In Evangelium Vitae 27, the Pope states that “modern society in fact has the means of effectively suppressing crime by rendering criminals harmless without definitively denying them the chance to reform.” And, as we have seen in Point 2 cited above, in EV 56 he argues specifically that the improvement in modern penal systems renders the death penalty unnecessary for the protection of public safety.

It is, I think, unfortunate that this prudential judgement was added to the Catechism. No matter how valuable it may be, the protection of the Holy Spirit does not apply to it, nor can such judgements ever be part of the Church’s Magisterium. The Church has no special gift for discerning the capabilities of the modern age in comparison with past ages, the quality of the world’s penitentiaries, or —to return to the main point—what is necessary for the protection of the public safety. For this reason, her opinions on this subject do not properly belong in catechisms.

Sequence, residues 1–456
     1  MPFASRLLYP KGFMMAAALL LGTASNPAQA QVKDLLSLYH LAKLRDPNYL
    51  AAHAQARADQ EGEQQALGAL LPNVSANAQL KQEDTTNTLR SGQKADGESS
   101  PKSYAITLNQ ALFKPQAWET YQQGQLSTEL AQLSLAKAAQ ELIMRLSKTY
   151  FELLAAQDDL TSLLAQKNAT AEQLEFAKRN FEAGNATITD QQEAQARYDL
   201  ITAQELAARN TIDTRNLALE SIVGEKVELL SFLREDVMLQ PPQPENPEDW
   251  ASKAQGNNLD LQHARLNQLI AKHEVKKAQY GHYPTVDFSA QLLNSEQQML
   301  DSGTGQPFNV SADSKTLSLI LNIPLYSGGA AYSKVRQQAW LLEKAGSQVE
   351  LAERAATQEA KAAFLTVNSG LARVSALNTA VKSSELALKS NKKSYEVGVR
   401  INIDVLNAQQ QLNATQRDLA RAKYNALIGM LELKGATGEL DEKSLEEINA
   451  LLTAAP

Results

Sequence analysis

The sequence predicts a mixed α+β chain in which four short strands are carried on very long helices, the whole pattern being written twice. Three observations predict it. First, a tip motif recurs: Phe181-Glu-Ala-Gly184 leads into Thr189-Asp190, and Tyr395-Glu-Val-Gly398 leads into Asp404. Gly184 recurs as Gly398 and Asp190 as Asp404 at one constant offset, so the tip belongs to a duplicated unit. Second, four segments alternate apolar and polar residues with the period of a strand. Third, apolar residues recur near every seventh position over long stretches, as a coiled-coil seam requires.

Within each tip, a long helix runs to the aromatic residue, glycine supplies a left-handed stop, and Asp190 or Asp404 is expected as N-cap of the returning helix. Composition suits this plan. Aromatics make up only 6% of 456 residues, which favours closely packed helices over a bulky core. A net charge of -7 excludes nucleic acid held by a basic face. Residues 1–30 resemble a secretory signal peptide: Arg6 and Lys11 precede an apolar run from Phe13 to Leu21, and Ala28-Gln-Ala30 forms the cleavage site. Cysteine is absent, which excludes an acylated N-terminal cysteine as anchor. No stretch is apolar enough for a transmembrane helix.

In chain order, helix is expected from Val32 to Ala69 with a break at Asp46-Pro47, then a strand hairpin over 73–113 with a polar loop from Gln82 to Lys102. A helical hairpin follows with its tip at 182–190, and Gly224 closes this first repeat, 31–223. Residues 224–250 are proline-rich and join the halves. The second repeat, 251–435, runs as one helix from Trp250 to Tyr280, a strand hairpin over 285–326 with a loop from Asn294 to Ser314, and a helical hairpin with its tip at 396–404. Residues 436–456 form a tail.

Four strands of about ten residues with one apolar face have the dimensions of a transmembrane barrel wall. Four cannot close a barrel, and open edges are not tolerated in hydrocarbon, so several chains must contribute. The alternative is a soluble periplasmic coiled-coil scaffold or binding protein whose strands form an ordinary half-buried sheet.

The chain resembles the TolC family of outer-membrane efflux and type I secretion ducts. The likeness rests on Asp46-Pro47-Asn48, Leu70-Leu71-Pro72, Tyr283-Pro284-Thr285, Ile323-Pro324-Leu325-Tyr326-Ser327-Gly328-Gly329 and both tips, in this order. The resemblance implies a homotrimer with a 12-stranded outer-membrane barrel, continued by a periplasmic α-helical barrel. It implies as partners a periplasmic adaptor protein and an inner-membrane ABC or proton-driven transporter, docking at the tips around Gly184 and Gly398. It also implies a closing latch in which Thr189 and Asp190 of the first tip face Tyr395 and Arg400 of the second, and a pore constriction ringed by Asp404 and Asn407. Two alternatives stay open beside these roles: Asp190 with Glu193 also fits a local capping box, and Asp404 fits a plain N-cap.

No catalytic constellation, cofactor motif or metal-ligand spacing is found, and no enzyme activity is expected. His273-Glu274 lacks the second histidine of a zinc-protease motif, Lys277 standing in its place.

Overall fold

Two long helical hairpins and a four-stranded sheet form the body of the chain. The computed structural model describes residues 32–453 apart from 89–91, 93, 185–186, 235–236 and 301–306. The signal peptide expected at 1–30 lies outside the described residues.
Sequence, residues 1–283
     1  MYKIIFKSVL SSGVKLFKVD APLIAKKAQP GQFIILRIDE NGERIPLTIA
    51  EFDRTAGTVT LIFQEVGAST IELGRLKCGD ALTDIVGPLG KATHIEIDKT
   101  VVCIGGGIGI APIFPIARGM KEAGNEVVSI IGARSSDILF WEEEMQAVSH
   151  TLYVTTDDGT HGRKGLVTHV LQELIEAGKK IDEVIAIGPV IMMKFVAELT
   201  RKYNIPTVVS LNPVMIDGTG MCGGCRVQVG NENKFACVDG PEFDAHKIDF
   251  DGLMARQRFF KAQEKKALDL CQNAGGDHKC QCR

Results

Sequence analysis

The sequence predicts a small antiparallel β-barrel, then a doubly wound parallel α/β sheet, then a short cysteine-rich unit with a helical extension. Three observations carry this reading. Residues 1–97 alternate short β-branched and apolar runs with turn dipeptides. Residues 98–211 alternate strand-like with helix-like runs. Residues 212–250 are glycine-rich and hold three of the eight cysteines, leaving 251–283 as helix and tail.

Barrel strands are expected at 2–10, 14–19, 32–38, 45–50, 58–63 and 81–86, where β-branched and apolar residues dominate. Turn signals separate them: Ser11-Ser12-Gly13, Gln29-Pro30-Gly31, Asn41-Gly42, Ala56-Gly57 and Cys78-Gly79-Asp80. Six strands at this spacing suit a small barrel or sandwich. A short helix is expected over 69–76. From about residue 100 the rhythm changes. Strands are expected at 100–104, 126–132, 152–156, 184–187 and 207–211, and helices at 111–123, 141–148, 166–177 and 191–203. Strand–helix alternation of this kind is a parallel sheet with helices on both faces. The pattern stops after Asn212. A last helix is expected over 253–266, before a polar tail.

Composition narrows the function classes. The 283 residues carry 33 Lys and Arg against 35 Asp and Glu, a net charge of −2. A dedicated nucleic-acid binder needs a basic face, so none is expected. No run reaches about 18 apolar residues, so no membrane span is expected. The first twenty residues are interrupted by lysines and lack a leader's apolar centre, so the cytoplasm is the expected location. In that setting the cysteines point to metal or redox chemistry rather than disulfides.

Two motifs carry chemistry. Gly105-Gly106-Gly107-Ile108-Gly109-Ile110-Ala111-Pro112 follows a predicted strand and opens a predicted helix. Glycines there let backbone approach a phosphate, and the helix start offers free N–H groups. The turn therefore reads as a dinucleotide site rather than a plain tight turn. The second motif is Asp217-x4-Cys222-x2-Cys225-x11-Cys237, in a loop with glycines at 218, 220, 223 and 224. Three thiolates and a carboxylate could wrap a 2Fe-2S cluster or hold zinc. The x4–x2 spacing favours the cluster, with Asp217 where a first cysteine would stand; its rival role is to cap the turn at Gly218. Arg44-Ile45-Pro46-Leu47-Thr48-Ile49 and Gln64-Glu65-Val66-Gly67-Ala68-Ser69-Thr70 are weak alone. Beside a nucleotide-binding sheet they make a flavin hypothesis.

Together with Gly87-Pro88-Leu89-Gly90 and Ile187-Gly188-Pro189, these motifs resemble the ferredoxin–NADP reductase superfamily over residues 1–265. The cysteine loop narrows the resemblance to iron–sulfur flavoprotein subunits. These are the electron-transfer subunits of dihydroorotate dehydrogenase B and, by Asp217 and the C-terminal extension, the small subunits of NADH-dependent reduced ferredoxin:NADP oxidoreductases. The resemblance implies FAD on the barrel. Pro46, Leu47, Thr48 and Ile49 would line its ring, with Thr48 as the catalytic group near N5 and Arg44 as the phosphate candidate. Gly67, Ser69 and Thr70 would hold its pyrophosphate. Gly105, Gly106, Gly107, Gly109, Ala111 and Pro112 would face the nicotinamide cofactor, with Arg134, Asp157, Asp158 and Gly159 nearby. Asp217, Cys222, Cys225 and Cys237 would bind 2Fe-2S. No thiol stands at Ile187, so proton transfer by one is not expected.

The Eternal and the Provisional

Happily enough, the particular judgement about penal systems did not make it into the final Catechism text. But the larger judgement of modern capabilities did. The Pope himself acknowledges, I think, the provisional nature of such judgements. In the critical prescriptive passage (EV 56), immediately after making his comment on penal systems, he continues into the next and definitive paragraph with the transitional words “in any event”. John Paul II seems to be saying that regardless of the merits of his opinion about contemporary conditions, the key point is that bloodless means must be used when they are sufficient. As indeed it is.